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UK, MIT partner to win grant for aluminum in sustaining car industry
LEXINGTON, Ky. (March 6, 2007) − Researchers at the University of Kentucky (UK) and the Massachusetts Institute of Technology (MIT) have partnered to study how the increased use of aluminum in automobiles could increase fuel efficiency and reduce emissions contributing to climate change.
The project, funded by the Alfred P. Sloan Foundation, aims to help sustain the viability of the automobile manufacturing industry at a time when it faces increasing challenges. It is of particular importance to Kentucky, a state whose economy relies greatly on aluminum production and automobile manufacturing.
The grant was awarded to UK's Sloan Center for a Sustainable Aluminum Industry (CSAI) and MIT's Materials System Laboratory (MSL). Also partnering in the research is the International Motor Vehicle Program (IMVP) at MIT and the Wharton School at the University of Pennsylvania; the Aluminum Association in Arlington, Va.; and Secat Inc., a for-profit company with ties to UK.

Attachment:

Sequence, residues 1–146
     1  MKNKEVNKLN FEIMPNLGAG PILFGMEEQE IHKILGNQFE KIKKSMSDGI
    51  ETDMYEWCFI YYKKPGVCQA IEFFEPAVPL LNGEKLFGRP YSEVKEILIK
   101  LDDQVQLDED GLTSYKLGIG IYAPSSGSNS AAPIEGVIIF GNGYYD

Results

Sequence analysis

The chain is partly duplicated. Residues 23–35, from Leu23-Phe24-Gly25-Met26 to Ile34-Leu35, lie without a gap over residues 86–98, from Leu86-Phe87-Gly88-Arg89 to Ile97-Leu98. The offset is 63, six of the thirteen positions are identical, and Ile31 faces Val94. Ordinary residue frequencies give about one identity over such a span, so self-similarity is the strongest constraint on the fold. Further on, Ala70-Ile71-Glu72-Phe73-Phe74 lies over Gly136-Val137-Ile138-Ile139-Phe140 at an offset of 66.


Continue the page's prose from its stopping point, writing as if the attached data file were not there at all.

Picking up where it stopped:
"This research is especially critical in Kentucky, which ranks fourth in the nation in automobile manufacturing and third in truck manufacturing, and where aluminum represents the state's sixth largest employer. Aluminum currently is the second largest automotive material in terms of content. Our study is intended to show whether additional use of aluminum in automobiles can reduce the 'carbon footprint' generated by vehicle use," said Subodh Das, executive director of UK's CSAI and president and CEO of Secat.
Das predicts that consumers will become more focused on the materials of automobile construction as awareness grows of the positive impact that mass reduction has on improving fuel efficiency and reducing greenhouse gas emissions.
Over the next year, the researchers will prepare a coherent framework to evaluate the role of materials in automobile economic and environmental sustainability. A second phase of the project will apply the framework to evaluate the potential strategic opportunities enabled by specific aluminum technologies.
The project's initial phase began in January 2007.
Key researchers on the project are Das; Frank Field III, senior research engineer at MIT's Center for Technology, Policy and Industrial Development, which houses the MSL, and research director for the IMVP; and Randolph Kirchain, assistant professor at MIT with a dual appointment in both the Department of Materials Science and Engineering and the Engineering Systems Division.